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Review: Rock Bottom


- Spanish director María Trénor immerses herself in the music scene of the Seventies, with its psychedelics, hallucinatory love, and boundless creativity

Review: Rock Bottom

In honour of its fiftieth anniversary, María Trénor takes an incredibly poetic approach to depicting the gestation of the historic album Rock Bottom (which lends the film its title), which was composed by the brilliant Robert Wyatt - a founding member of Soft Machine - and produced by Pink Floyd’s Nick Mason. Presented in a world premiere at the Annecy International Animation Film Festival, where it screened in the Official Competition, the Spanish director’s first feature film, Rock Bottom [+see also:
film profile
, opens with the torturous love story of the English musician and his future wife, the artist Alfreda Benge (Alif, in the film): a kind of Juliet and Romeo on acid, wrestling with the construction of a new world composed of art and journeys beyond reality.

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Whilst Rock Bottom undoubtedly takes its impetus from the close love story between Bob and Alif, it’s the film’s intriguing and poetic music which is the real protagonist, or rather the songs which feature on Robert Wyatt’s historic album. Depicted as if in a musical, they quite literally explode thanks to the boundless creativity of the film’s animation. With its anthropomorphic characters painted in watercolour, and more abstract images transcribing Alif’s inner world (Marta Gil Soriano’s animation is incredible) - too often stifled by a patriarchy whose tentacles reach so far as hippy communities - the film advances like a raging torrent. In line with the experimentation typical of Wyatt’s music, which merrily blends progressive rock, jazz, improvisation and psychedelics, the film’s animation tries to capture the essence of an artistic experience and a unique human being who is both naive and uncompromising, revolutionary yet stifled by the dictates of the “authority” she’s struggling to escape.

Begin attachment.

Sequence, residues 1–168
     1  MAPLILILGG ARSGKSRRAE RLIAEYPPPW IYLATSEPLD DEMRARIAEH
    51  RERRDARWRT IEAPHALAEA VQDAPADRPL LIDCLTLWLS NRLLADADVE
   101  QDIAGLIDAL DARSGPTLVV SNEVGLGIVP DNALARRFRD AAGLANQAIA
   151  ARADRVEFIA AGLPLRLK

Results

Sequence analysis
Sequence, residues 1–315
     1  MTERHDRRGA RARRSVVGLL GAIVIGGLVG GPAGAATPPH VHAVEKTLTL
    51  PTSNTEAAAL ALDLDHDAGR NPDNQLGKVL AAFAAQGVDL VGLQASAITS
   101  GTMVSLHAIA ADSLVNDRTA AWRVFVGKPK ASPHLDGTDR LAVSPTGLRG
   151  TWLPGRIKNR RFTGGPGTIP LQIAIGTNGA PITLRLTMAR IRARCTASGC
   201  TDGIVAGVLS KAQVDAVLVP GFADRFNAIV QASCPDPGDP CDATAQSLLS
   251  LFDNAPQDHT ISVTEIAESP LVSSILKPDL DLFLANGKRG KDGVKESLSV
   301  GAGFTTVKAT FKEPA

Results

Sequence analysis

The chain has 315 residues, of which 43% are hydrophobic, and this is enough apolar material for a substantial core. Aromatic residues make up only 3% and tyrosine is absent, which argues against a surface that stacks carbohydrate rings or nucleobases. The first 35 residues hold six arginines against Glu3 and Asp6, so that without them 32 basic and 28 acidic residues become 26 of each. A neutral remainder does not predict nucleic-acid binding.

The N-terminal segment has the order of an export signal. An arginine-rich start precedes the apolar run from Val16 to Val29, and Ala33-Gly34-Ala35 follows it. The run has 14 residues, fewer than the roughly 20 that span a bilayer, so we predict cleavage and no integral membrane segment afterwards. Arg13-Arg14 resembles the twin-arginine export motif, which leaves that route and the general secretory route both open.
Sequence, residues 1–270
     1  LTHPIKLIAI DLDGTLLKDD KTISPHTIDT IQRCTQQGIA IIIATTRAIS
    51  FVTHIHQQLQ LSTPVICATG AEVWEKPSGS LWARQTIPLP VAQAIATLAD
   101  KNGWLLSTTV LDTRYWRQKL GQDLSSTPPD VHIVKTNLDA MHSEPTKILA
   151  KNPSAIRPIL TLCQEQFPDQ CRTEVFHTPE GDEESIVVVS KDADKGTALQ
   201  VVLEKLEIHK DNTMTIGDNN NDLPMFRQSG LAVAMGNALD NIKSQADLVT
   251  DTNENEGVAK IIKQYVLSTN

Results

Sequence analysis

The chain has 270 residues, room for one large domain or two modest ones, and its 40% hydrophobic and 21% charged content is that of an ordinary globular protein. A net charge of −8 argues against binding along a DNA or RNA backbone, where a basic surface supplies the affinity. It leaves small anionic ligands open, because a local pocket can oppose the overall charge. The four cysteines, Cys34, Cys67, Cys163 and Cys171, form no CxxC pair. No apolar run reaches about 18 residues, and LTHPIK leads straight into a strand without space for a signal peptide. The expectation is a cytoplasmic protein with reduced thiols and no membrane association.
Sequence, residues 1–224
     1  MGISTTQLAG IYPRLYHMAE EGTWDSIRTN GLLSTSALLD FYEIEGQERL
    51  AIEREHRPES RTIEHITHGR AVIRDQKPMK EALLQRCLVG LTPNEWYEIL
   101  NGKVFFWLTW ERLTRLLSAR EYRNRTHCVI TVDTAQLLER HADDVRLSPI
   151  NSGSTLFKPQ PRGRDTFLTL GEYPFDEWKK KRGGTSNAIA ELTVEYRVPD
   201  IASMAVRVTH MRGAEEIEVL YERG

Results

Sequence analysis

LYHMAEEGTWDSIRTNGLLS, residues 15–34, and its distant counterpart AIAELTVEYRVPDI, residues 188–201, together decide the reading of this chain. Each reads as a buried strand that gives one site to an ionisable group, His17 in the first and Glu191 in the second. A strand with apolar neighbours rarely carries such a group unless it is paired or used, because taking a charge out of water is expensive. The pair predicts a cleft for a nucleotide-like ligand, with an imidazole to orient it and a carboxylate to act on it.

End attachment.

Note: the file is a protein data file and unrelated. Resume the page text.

The director has insisted she wasn’t looking to make a biography, despite being inspired by the English singer’s life, but it’s clear that it could form the basis of a film in and of itself. Forced to rethink his entire existence as a result of an accidental fall from a window which left him paraplegic, Robert Wyatt successfully finished the historic album depicted in this film, at this incredibly delicate, transitional time in his life. Besides the film’s narration, which sometimes becomes superfluous, its real strength is its capacity to transport us not only into the minds of its protagonists, but even further, into their dreams. Full of nocturnal settings, hallucinogenic journeys and characters bordering on gothic (such as the crazy producer with the cornucopia headgear or the Pasolini-style patron who lives in Majorca), the film distances itself from a pure and simple love story to reveal a darker and more interesting side, exploring the contradictions and secrets which unite these two free yet tormented beings.

Ultimately, opting for animation and the artistic freedom this entails was undoubtedly wise, allowing the director to “duet” - in the truest sense of the word - with a very special album which still intrigues listeners today.

Rock Bottom is produced by Spanish firm Alba Sotorra SL in co-production with Jaibo Films (Spain), GS Animation (Poland) and Empatic Production (Spain). French outfit Loco Films are managing international sales.

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(Translated from Italian)

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